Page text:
The Berkeley Art Museum is showing the photography of longtime Berkeley resident Richard Misrach, an artist perhaps best known for his images of bomb testing sites in deserts in the American West. The BAM show includes only some of those sometimes gruesome pictures of irradiated livestock corpses – via open books under tabletop glass – while emphasizing the chronological ends of Misrach’s career.
The early work, called “Telegraph 3AM” – black-and-white pictures of street culture taken along Telegraph Avenue in 1971-72 when Misrach was an undergrad – has been pushed into a small room off Gallery 2 at the museum. To visitors, walking into that room is an afterthought while examining the large, brilliantly colored prints of his newest work, “Golden Gate,” shot in 1997-2000 from his home in the Berkeley hills.
Misrach sees the “Telegraph 3AM” series as the lesser of the two. In 1971 he was 22 years old, learning the medium and the market of photography with those pictures. The Dorothea Lange-like images of hippies and radicals along Berkeley’s historically charged one-way street are marked more by despair than the political hope that the radical movement a few years earlier. Many of the gaunt faces stare into the lens with dulled and dazed eyes. One wonders if they are angry or hungry.
Berkeley residents might take a moment to identify the buildings along the famous Avenue or Julia, the bubble-blowing poetess. But most of the pictures are faces of forgotten street denizens. Like “Satan,” a cross-eyed poet wearing a fedora, or “Hawk and Dog,” a pair of men – one black one white – looking like leather-jacketed thugs.
Not all the photos were taken on Telegraph, and not all were taken at 3 a.m., but the title speaks to an epicenter of counterculture and of a time of night shared by both the disoriented and the liberated. Looking into the faces – or at the arm of a junky or the body of a naked young woman lying in a tent – conjures Kris Kristopherson’s famous line sung by hippie siren Janis Joplin: “Freedom’s just another word for nothing left to lose.” In the picture “Alan,” the writing is literally on the wall: two listless in a tiny attic apartment, underneath a beam on which is scrawled, “part of our lives is waste…the other is want.”
Misrach said he doesn’t think of “Telegraph 3AM.” as an artistic achievement but rather a work of social documentary. The pictures on which both Misrach and the museum direct their attention is “Golden Gate,” 30 large-size prints (40x50 inches) of the Golden Gate bridge taken over a three-year period from the same point of view of Misrach’s own home in the Berkeley hills.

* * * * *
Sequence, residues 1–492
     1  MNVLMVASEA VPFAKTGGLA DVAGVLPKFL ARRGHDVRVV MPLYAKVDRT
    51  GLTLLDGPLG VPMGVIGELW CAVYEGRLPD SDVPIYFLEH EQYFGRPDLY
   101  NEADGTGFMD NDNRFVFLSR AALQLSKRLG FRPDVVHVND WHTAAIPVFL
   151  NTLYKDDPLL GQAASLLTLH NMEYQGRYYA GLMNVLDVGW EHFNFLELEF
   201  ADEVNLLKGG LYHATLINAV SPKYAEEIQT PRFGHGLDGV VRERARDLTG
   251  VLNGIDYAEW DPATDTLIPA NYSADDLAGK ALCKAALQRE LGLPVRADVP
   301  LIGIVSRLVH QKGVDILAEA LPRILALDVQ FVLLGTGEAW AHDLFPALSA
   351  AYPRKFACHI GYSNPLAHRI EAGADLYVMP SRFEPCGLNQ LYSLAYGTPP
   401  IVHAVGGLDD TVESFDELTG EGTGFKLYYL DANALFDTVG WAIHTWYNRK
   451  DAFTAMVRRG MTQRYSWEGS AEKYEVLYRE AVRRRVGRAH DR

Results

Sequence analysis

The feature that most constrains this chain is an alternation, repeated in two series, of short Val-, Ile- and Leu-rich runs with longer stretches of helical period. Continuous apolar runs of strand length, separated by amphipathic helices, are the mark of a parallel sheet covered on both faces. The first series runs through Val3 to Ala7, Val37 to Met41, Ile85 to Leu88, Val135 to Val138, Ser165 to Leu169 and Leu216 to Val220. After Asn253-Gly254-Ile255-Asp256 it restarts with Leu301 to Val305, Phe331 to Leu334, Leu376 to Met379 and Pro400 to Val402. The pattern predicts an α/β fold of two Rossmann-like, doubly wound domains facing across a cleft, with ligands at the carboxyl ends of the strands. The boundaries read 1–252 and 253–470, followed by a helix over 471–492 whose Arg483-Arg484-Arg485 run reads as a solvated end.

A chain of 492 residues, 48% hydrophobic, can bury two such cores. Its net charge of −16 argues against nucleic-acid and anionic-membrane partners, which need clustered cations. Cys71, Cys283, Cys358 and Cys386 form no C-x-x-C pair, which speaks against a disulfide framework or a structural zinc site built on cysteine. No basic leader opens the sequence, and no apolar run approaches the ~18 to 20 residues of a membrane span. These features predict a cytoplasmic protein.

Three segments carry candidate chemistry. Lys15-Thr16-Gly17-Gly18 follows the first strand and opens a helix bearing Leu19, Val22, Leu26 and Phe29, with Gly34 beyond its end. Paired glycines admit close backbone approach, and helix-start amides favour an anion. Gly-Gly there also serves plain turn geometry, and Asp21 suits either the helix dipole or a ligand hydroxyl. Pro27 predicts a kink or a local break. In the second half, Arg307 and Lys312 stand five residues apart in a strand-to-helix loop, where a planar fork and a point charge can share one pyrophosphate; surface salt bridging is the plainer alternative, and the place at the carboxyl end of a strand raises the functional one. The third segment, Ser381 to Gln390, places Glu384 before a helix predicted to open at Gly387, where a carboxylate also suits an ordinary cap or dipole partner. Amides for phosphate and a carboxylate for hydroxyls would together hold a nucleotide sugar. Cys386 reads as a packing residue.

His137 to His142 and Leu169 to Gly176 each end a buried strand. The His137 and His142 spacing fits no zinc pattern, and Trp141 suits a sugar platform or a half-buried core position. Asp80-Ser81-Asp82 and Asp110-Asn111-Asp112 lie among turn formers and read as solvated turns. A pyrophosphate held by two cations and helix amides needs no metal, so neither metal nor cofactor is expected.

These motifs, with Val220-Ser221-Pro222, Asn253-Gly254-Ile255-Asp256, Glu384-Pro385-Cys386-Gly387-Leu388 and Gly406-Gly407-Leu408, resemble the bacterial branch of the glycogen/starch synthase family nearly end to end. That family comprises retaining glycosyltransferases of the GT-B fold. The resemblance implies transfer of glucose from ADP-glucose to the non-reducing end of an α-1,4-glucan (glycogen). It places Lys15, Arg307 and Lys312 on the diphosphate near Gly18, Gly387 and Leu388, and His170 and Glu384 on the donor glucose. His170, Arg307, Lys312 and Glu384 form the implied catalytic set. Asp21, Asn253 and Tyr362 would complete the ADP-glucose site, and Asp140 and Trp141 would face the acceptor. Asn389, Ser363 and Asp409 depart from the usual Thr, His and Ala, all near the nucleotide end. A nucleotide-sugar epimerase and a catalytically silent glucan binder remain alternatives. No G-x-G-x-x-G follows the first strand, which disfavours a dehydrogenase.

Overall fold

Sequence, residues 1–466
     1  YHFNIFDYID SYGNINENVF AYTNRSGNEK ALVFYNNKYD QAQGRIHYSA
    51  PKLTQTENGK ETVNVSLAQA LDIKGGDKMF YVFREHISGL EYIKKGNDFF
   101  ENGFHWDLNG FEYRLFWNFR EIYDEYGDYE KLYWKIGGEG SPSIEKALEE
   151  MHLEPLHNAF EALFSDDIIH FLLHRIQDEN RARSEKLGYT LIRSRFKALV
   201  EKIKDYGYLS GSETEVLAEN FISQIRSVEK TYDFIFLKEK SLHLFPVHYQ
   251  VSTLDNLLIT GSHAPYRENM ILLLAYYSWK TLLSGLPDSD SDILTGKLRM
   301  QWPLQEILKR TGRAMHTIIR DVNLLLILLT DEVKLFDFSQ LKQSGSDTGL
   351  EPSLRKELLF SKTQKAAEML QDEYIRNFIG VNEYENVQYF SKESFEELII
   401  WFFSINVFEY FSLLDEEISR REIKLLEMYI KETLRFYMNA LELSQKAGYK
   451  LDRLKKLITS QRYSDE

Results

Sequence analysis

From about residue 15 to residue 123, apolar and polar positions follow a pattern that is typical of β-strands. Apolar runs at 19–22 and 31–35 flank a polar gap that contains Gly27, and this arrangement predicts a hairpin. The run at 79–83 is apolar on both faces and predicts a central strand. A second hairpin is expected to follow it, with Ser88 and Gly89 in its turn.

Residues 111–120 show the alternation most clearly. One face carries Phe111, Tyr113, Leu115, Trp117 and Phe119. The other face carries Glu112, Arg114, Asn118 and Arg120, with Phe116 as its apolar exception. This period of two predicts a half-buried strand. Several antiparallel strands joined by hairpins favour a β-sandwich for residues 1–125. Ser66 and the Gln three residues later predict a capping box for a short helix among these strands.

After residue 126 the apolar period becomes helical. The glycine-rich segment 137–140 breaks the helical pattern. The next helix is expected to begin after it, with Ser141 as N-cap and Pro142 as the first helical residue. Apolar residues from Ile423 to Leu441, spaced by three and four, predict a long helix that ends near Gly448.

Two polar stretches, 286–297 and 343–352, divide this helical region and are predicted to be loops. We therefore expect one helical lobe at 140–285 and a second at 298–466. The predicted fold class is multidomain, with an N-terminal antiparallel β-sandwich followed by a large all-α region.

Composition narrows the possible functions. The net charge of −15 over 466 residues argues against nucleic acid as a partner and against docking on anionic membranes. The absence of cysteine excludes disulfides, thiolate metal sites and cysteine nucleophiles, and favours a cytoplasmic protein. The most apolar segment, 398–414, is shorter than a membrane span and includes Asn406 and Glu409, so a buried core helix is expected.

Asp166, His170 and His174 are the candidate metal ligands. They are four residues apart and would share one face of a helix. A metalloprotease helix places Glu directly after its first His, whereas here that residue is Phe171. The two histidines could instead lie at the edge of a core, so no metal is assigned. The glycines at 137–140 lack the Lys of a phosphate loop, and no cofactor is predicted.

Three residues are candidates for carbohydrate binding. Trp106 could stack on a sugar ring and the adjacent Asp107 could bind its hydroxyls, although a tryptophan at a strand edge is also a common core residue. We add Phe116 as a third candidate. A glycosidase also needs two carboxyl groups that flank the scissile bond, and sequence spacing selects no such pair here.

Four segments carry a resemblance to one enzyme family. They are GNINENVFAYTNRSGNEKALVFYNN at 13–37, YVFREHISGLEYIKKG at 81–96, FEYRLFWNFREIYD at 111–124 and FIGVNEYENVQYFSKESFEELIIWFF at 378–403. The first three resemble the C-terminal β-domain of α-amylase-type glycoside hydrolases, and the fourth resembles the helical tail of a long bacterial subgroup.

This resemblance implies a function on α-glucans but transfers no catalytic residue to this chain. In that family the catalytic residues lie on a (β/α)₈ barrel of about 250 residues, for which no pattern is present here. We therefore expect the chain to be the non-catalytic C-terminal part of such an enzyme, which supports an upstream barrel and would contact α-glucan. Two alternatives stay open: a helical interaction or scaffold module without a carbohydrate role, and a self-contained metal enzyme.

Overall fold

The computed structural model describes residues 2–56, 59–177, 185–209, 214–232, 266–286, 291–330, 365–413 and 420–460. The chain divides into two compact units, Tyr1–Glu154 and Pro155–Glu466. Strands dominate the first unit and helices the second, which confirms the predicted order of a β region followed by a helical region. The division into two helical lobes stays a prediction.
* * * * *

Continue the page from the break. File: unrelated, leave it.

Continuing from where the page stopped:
The series is in no way like “Telegraph 3AM.” The content, formal representation, and Misrach’s motivation behind taking the pictures are worlds apart from black-and-white social documentary. To make “Golden Gate” Misrach did not move his tripod for three years. It is exactly the same position 30 times over. The dazzling achievement of the pictures is the spectacular changes of light and color played out in clouds and mist and fog and the vagaries of atmospheric nuance. The pictures are not, as the title suggests, about the Golden Gate, although the bridge is centrally represented in each picture, but about the air around it.
Misrach’s consistent composition separates his photographs of the Bay Area’s most well known object from tourist postcards. The Golden Gate – with Alcatraz and Angel islands, the book ending spits of San Francisco and the Headlands, and the Berkeley pier poking up from frame’s edge – takes up about 10 percent of the bottom of the image. The vast majority of the each picture is the sky, huge and dramatic with its operatic cloud formations and supernatural color displays. But it is not supernatural; it’s perfectly ordinary if you look at the right time.
The simplicity of the idea – shoot the same view hundreds of times – is contradicted by the complexity of the medium. It’s the job of a camera to capture light in an instant, and in essence, to freeze time in emulsion. With repetition “Golden Gate” expands the instantaneous shudder-click into the successions of moving time.
“Day by day, hour by hour, even minute by minute, the change in light was phenomenal,” said Misrach in the museum’s Gallery 2. By photographing the same vista over and over he has represented what “Telegraph 3AM,” and photography is resistant to.
There is an impossibly diverse range of images available from his one vantage point, and we want to project feelings into those images: claustrophobia, happiness, dread, awe. Nature, of course, is like the mechanical camera in being totally neutral.
Misrach’s beautiful abstractions lend themselves to the pondering of essential aspects of the medium. Light, time, point-of-view are the issues at hand. And Misrach’s images are beautiful in their formal precision and extraordinary color. He acknowledged that their beauty might distract from implied social and political message hidden in them.
Although the Golden Gate is a public object, getting a good view of it presupposes a certain privilege. Misrach said he was self-conscious about driving from his studio in the Emeryville flatlands to his home high in the Berkeley hills. In that commute he moved not through an aesthetic strata but an economic and social strata. He was able to take hundreds of pictures of that view in three years because he lived in a neighborhood with a great view of the bay.
His books of desert photos, the ones of bomb-test craters and dead-animal pits, all have accompanying text to explain the environmental and political context of the pictures. Even his “Telegraph 3AM” wordlessly connote the social culture of the early 1970s. While “Golden Gate” is a collection of gorgeous color and abstract shape, aesthetic and social issues are buried within them. Misrach knows it: “Photographs are complicated things.”